Filing 4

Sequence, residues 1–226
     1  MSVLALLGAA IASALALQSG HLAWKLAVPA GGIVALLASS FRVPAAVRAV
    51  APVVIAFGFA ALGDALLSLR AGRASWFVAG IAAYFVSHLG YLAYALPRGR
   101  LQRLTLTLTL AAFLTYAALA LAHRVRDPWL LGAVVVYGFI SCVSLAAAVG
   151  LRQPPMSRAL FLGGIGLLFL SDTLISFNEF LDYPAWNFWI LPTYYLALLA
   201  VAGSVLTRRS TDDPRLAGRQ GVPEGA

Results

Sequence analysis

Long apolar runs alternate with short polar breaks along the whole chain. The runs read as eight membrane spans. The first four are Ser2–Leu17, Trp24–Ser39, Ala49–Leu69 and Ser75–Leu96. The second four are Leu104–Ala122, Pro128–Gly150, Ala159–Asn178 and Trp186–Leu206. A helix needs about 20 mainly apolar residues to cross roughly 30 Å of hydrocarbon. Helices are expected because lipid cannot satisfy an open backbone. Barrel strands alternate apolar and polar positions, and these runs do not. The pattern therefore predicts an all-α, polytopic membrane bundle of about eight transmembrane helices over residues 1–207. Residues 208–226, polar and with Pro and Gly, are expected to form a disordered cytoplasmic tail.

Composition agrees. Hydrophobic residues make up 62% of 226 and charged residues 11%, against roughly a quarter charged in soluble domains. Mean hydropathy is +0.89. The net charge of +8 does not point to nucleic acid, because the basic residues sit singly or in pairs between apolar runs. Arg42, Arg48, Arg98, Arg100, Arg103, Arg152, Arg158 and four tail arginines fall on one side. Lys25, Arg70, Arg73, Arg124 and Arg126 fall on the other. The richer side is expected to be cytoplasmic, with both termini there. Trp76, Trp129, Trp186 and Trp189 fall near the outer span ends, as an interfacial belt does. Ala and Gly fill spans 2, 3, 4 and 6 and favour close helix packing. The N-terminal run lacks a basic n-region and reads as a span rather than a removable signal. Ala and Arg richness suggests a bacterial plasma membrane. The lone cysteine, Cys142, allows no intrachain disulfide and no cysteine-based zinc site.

Download PDF